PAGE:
The cool night air bites at my cheeks as I stare up into the crystal clear sky. The sun disappeared behind the mountains early in the evening but there’s still a soft purple hue on the horizon. There was a few streetlights dotted throughout the rural community but not so many as to ruin the view of star. The night sky is unbroken by the blinking lights of passenger jets in those days. By the time I was a sophomore in high school I’d had enough allergy treatments to allow me to participatein a hay ride. I had tucked a few antihistamine pills in my pocket just in case I started to have a reaction but they were unnecessary. I leaned back against the wooden sides of the wagon and thought about how much the stars resembled sugar sprinkled across the opaque dome of a late fall night. The only sounds at the moment were the steady clip clop of the horse’s hooves on the hardtop lane. The hay helped keep the youth group warm in the bitter night air and we were covered by beautifully designed Appalachian quilts. And there was rich hot chocolate made with whole milk. Then I felt someone take my hand and I looked down to see the new girl in the group looking up at me. We never spoke. I was too shy in my teen years and seemed to babble and stutter around the girls. Fortunately for me she didn’t speak either. We just cuddled up under the quilt and looked at stars. Nobody seemed to notice us as the horse pulled the wagonload of teenagers through the hills. That is, until the wagon pulled up at her house and she gave me my first kiss before she went inside.
When I see a hay wagon I’m always taken back to a simpler time. A time when the simple things in life were the most important things and we took the time to enjoy them. And, our lives were fully enriched when time was our own.
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When I was very young putting up hay was a way for most young men to make a little spending money. A person could drive through the country at certain times of the year and the fields were lined from one end to the other with rows and rows of square bales of hay. The farmers would be seen with huge stacks of perfectly compressed blocks of cut and dried grasses of various types towering over tractors or pickup trucks on their way to a barn. It wasn’t really uncommon to a couple of the older boys riding on top of the stack as the vehicle drifted carefully across the fields while two more boys tossed more bales up to add to the stack. The unloading process was just as laborious with the boys on top of the stack tossing the bales back down or directly into the barn for storage.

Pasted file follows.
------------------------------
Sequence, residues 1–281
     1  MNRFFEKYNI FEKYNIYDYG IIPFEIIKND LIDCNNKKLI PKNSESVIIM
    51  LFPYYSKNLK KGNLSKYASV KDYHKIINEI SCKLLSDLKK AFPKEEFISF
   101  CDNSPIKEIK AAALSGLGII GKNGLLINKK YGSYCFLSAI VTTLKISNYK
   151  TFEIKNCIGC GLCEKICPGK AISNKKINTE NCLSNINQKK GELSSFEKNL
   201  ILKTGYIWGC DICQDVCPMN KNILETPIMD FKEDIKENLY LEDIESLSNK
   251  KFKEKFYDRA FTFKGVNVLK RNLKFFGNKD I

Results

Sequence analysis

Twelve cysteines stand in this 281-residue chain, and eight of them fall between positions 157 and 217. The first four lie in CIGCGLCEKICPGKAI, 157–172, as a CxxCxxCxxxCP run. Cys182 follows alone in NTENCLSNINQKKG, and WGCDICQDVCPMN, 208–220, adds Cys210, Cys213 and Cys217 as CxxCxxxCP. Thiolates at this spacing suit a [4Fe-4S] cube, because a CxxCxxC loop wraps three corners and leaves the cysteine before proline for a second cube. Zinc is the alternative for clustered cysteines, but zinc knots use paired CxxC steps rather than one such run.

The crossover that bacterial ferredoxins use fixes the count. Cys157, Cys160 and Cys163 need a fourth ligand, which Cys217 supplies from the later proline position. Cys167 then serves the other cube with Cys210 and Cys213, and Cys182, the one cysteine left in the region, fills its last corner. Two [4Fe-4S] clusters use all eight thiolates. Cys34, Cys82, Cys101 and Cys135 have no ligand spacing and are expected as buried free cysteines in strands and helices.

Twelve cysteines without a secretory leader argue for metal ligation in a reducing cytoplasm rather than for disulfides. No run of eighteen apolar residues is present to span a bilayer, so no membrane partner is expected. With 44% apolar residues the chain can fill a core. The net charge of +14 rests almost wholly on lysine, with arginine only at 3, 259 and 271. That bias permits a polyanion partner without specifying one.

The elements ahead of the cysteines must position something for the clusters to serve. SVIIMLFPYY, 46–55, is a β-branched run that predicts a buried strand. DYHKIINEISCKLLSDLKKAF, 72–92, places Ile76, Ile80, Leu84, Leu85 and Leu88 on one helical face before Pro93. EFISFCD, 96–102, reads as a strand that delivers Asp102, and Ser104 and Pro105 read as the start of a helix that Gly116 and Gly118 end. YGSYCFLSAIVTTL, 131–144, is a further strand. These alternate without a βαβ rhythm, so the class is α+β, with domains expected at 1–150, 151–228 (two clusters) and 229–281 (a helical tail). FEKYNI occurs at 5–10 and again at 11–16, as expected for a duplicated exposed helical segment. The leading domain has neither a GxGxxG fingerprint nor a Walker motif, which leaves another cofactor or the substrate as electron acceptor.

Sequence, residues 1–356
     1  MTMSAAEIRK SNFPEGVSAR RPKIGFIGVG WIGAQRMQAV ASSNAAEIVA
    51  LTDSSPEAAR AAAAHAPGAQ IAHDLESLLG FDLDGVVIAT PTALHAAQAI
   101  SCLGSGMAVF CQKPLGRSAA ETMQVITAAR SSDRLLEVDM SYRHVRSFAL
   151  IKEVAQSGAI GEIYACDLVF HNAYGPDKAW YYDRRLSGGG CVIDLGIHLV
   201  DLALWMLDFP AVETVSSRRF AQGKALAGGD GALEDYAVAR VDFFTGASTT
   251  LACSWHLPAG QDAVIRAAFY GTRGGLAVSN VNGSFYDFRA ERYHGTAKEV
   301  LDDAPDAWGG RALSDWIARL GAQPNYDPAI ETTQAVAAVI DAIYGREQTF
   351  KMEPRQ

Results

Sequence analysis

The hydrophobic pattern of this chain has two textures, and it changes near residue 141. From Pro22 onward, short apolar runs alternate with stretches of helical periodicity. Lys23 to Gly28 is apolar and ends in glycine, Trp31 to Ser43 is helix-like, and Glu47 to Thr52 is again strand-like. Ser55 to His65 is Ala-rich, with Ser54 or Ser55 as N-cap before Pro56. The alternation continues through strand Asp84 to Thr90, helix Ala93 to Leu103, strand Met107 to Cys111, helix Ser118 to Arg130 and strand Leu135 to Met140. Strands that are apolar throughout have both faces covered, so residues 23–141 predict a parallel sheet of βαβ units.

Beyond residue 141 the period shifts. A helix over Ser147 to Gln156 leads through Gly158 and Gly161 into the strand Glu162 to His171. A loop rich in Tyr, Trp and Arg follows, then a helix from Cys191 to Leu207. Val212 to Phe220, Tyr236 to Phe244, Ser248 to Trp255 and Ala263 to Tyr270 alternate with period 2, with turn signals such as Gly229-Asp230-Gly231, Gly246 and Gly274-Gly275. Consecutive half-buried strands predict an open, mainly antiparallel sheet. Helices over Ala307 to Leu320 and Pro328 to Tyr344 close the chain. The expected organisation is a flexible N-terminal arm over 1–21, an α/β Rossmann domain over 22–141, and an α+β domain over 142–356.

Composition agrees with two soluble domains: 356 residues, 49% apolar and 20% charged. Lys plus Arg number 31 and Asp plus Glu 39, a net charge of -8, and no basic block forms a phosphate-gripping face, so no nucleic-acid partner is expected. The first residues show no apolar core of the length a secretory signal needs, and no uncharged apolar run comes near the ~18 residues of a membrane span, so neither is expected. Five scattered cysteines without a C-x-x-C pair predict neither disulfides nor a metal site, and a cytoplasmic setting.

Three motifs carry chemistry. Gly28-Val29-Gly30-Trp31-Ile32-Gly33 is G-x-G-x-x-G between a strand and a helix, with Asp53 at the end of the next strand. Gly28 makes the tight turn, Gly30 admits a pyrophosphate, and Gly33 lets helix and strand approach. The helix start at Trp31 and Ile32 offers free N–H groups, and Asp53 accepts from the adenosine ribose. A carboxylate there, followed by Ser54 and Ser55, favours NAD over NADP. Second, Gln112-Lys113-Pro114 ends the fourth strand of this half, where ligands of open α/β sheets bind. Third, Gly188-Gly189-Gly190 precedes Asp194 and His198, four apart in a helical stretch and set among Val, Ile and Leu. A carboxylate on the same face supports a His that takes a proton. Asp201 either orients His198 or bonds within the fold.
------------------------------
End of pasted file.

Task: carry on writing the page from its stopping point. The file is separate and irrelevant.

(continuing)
Sometime in the late 70s or early 80s I started seeing the large round bales like you see in the feature image. My grandfather began remarking on how his poor cows wouldn’t be able to have a square meal. The iconic large stack of square bales disappeared into the past. ( I’m sure that there’s still some around however I haven’t seen it for decades). The crew of three or four teenage boys was replaced by a tractor with a fork lift attachment. The round bales turned out to be a be a better deal for the farmer because of the labor costs but every time I see the round bales I get nostalgic for the view of acres and acres perfectly lined up rectangular blocks on contour with the landscape.
Hello Friends and thank you for your support of my page. If you have enjoyed the photos or the writings please let me know by commenting and sharing my work on your social media. I also want to invite you to FollowLloyds Lens Photography on Facebook
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Tonight’s Feature Image is titled “Country Zen 1” and is available for purchase by usingthe Contact Form onmy website.( justclick on thethe bell below)
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I’m also available for portraits by appointment. Use theContact Formor message me on Facebook.